Woman: Here she is.
Now, I should have warned you, they do mate for life.
Ed Kenney: Oh, there she goes.
Aw, she picked me.
Ha ha ha!
Kenney, voice-over: Jack Johnson's music reflects his home of Hawai'i, but a life-changing road trip up the California coast traces his soul to something much deeper.
Every dish has a story.
Food brings people together and has the power to conjure up cherished memories.
Johnson: ♪ Oh, you're such a pretty thing ♪ ♪ I'll take you, and I'll make you all mine ♪ Kenney: I was born and raised in the Hawaiian Islands, one of the most diverse communities in the world.
Johnson: ♪ We will watch you from the clouds ♪ ♪ We can't stop it, anyhow ♪ ♪ It's not ours ♪ Kenney: In this show, we'll meet a guest from Hawai'i, learn about their favorite dish, trace it back to its origins, and have some fun along the way.
Johnson: ♪ Oh, you're such a pretty thing ♪ ♪ I'll take you, and I'll make you all mine ♪ Kenney: On O'ahu, the district of Waialua contains some of the island's most famous places-- Mount Ka'ala, O'ahu's tallest peak; Kukaniloko, the birthplace of our Ali'i; and Waimea Bay on the North Shore, home to some of the biggest waves in the world.
I am what is affectionately known as a townie to the people on the North Shore.
Quite honestly, out here in the North Shore is an entirely different world.
Today's a Thursday, told my whole staff I had "meetings" and went fishing with my good friend Jack Johnson.
I always find it amusing how wherever I go in this world, whether it be in a taxicab or a convenience mart, Jack Johnson is playing on the stereo.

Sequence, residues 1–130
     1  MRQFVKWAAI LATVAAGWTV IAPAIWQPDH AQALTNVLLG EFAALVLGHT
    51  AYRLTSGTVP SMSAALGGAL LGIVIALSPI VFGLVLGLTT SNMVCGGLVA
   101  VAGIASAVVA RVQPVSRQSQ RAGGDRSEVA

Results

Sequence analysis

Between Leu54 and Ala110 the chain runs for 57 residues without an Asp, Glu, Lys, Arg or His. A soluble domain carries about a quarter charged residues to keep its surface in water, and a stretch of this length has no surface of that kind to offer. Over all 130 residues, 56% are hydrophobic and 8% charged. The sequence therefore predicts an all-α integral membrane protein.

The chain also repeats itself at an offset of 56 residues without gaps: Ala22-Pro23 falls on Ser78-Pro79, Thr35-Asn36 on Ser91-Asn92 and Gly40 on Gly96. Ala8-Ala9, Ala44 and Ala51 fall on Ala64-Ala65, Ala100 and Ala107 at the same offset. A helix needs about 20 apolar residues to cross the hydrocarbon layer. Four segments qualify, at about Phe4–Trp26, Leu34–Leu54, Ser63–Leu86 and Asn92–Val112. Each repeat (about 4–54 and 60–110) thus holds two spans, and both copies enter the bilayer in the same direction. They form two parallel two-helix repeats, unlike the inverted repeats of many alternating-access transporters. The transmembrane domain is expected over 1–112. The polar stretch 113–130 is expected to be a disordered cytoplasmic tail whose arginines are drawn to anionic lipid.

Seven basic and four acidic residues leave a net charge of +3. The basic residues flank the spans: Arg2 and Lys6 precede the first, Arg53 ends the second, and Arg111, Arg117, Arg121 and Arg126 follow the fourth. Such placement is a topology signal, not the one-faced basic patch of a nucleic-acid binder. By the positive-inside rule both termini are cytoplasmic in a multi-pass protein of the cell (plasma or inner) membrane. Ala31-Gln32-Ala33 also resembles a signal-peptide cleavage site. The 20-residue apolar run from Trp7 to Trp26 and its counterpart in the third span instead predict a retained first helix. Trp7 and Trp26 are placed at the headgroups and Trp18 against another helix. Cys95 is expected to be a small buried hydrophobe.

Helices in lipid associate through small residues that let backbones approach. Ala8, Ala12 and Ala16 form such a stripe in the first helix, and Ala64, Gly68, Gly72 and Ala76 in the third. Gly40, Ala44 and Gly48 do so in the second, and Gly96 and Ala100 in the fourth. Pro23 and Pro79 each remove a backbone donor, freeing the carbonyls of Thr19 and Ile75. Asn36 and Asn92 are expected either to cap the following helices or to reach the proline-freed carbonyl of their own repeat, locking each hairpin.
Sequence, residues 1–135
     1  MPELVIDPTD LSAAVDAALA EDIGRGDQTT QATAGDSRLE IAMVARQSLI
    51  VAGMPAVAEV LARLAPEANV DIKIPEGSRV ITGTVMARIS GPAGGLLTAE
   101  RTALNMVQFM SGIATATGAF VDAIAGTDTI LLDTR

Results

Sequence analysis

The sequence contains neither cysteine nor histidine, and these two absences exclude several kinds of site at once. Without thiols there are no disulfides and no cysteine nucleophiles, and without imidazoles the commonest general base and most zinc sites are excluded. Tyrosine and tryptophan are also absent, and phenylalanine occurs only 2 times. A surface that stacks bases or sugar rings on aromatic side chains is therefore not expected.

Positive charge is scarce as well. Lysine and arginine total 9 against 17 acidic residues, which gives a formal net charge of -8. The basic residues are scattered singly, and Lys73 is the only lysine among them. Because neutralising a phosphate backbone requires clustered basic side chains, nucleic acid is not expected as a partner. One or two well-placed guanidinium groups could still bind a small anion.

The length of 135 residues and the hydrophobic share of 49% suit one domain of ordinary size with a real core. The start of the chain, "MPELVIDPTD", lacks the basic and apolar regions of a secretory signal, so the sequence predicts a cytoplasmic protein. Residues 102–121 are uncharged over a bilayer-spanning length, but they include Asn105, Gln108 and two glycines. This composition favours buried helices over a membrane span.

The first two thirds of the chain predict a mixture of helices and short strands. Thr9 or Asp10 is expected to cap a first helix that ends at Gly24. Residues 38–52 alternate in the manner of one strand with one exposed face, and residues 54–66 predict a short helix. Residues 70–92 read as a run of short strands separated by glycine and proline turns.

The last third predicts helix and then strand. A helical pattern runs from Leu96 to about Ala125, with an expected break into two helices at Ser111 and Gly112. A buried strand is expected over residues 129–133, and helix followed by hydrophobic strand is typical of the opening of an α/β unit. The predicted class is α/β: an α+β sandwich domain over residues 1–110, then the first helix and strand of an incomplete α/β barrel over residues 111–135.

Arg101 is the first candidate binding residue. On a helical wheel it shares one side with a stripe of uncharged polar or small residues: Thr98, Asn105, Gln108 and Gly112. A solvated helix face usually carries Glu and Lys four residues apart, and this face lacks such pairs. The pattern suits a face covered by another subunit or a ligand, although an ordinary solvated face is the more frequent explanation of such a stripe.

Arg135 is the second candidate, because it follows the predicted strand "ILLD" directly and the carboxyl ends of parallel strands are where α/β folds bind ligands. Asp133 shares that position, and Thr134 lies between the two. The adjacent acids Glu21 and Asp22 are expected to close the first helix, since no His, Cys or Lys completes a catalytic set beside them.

He's always singing his songs of love and sustainability and ocean and nature and spreading it around the world.
I wonder where did this come from, and I have to think it had a lot to do with being raised on the North Shore and being modeled by his father Jeff Johnson.
Jeff moves with the currents of the ocean much like his son Jack.
Jack's oldest brother Trent is the keeper of the family boat that was designed by Jack's dad and a boat builder from Moloka'i named Kirk Clark.
You want to get the lures on now?
Might as well.
If we hook up a fish, we'll try to turn the boat down wind.
I've often heard that lures are handed down from generation to generation, prized lures.
Yeah, so I don't know if we can have a shot of these.
These are, like, secret lures.
There's definitely, like, lures that work on the west side and some that work on the North Shore.
These are North Shore lures.
Pull the anchor up and head out.
Kenney, voice-over: We were heading straight for a place where they remember as kids.
Ha ha ha!
Kenney: So here we are.
This is your family boat.
This is it.
This is a boat we designed with my dad.
When he was about 21, 22, something like that, He sailed to Hawaii by himself on a little boat, like, a 25-foot-boat.
He always kind of jokes around that that's how he learned how to sail.
Towards the end of his life, we started working on this boat together.
That was a really fun project.
I can tell that this boat played a major role in your life growing up on the North Shore.
What is your fondest food memory growing up out here?